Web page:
DOE awards S.C. universities $300,000 for energy research
WASHINGTON, D.C.- U.S. Senators Lindsey Graham and Jim DeMint along with U.S. Representatives Gresham Barrett and Joe Wilson today announced a total of $300,000 will be awarded to three universities in South Carolina through the U.S. Department of Energy’s Global Nuclear Energy Partnership (GNEP).Clemson University, South Carolina State University and the University of South Carolina are among 38 schools in the nation chosen to receive the $100,000 GNEP allocation. The funds will be used to improve each institution’s ability to conduct nuclear research and development (R&D) in an effort to discover methods to maximize energy from nuclear fuel.
“As our nation’s energy needs are vastly growing– discovering educational methods to produce energy from alternate sources have become a great necessity,” said Congressman Gresham Barrett. “Research and development has found nuclear power is not only an economically competitive alternate power source but it’s a proven means to energy independence. The GNEP funding for these universities is a sound gain for South Carolina as it leads the charge in finding domestic energy alternatives.”
“South Carolina is a leader in nuclear power and alternative energy research,” said Sen. Lindsey Graham. “I am proud of the important contributions our universities are making to further develop these technologies. South Carolina is producing the next generation of leaders who will spearhead our nation’s efforts to be energy independent.”
“I’m proud that South Carolina continues to play an important role in the research and development of new resources to help make America energy independent. Clean fuels, such as hydrogen and nuclear energy, offer reliable energy resources for our nation. I applaud our state’s universities for understanding this need and creating exciting opportunities for our students to contribute to the future of our country,” said Senator Jim DeMint.
“I am extremely proud that the University of South Carolina, Clemson University, and South Carolina State University will join a community of universities in furthering the development of safe nuclear energy,” said Congressman Joe Wilson. “Our nation as well as our friends and allies throughout the world will benefit immensely from the research the Global Nuclear Energy Partnership is supporting with this grant program. In a time of increased demand for energy resources, we must remain dedicated to investing in our nation’s brightest minds to help bridge the gap to 21st Century nuclear power.”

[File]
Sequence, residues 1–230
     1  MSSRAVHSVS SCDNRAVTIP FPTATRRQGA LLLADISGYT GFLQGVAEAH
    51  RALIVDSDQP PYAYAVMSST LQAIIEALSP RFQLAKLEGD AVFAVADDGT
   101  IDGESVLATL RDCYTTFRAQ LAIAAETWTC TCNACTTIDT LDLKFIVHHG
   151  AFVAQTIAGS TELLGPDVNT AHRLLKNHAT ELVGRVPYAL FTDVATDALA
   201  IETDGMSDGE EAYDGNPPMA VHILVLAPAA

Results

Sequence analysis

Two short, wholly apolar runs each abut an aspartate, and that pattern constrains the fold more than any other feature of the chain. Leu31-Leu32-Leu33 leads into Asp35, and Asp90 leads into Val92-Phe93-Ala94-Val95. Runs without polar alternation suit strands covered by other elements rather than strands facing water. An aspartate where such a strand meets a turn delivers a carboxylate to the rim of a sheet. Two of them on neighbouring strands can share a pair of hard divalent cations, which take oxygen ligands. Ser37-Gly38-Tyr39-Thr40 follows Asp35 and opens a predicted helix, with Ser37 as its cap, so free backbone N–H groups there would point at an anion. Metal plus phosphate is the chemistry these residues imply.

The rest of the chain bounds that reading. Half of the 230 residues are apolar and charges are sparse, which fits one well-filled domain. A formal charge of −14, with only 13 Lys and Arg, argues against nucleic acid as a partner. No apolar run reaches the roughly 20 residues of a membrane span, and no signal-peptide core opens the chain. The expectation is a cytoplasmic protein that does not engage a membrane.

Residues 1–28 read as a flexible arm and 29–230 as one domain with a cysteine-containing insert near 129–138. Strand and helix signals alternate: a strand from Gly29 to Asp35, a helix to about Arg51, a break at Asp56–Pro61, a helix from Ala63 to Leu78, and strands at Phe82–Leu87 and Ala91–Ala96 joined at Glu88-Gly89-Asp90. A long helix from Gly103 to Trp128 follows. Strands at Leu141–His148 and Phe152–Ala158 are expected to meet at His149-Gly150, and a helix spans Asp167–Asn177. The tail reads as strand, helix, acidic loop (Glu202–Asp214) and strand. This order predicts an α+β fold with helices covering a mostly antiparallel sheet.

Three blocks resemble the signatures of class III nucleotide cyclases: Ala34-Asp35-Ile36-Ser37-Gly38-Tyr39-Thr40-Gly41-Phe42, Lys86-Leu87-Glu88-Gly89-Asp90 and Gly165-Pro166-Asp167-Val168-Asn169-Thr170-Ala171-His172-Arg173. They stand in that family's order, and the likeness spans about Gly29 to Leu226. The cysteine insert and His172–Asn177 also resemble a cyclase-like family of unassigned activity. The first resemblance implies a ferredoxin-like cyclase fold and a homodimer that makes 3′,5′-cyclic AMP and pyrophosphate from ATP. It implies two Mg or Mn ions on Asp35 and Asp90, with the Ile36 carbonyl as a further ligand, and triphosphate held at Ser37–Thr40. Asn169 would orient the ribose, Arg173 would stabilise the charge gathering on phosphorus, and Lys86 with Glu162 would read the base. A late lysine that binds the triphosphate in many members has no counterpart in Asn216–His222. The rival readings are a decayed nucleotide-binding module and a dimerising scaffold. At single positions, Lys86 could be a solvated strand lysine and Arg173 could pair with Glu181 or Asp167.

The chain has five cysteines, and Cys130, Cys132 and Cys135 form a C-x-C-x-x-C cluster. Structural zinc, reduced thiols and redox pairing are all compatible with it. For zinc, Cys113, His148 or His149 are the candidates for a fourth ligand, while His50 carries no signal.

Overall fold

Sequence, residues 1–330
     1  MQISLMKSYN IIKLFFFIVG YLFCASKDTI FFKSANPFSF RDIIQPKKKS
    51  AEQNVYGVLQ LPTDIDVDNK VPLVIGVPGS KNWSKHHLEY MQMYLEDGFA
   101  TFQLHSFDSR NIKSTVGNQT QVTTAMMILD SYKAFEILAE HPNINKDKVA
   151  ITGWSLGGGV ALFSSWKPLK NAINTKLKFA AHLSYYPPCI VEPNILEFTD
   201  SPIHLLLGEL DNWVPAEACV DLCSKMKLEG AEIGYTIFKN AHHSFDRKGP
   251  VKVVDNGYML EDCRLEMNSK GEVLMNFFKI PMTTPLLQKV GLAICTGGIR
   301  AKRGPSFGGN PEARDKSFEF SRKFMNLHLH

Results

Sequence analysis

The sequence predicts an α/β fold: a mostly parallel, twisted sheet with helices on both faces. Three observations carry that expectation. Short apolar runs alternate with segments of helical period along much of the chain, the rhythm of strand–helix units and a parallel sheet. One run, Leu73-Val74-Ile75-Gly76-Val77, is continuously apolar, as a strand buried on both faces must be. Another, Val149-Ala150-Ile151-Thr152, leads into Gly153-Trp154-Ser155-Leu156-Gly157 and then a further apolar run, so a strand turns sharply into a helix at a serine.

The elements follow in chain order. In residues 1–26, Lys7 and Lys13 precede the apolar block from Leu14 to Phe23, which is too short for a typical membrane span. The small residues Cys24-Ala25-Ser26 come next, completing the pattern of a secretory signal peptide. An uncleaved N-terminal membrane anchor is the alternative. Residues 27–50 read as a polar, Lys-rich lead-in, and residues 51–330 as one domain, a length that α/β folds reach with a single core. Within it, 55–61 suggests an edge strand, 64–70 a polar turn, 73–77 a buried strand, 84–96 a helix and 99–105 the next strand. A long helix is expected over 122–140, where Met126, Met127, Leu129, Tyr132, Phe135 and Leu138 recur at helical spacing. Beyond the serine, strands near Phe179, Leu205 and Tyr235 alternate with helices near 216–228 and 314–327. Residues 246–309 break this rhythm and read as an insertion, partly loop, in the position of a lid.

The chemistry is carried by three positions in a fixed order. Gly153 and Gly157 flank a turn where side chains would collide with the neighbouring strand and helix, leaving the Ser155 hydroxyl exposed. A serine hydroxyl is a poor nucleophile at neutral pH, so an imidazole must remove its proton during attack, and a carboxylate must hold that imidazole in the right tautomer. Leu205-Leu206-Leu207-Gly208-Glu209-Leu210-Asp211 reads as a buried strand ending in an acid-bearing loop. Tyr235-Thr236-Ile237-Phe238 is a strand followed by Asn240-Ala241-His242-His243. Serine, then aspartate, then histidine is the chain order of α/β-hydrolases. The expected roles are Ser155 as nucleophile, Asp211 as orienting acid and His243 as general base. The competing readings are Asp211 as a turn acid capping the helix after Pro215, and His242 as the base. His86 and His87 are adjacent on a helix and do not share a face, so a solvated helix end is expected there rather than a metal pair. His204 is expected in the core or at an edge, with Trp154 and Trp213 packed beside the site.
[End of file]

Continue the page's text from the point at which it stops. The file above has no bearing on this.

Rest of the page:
A total of $3.8 million will be awarded by the GNEP University Readiness program to universities throughout the United States. Funding may be used upgrade laboratories, improve reactor facilities, purchase new state-of-the-art equipment, provide increased faculty support and graduate fellowships, further enhance nuclear-related curricula and foster international exchange. DOE has distributed more than $15.2 million to universities in fiscal year 2007.
South Carolina is host to four nuclear sites with seven reactors generating more than half the state’s electricity and making it our nation’s third largest producer of nuclear power. Additionally, cost-effective alternative energy sources are extensively researched in South Carolina through the state’s automotive industry, Clemson’s International Center for Automotive Research (ICAR), University of South Carolina’s use of hydrogen fuel cells and the hydrogen research laboratory in Aiken County at the Savannah River Site.
The R&D program implemented in universities will provide a new generation of engineers and scientists which are necessary for continuing research for nuclear power as a safe, reliable, affordable and emissions-free source of energy.
For additional information on this announcement, GNEP and nuclear R&D programs, visit: http://www.nuclear.gov/.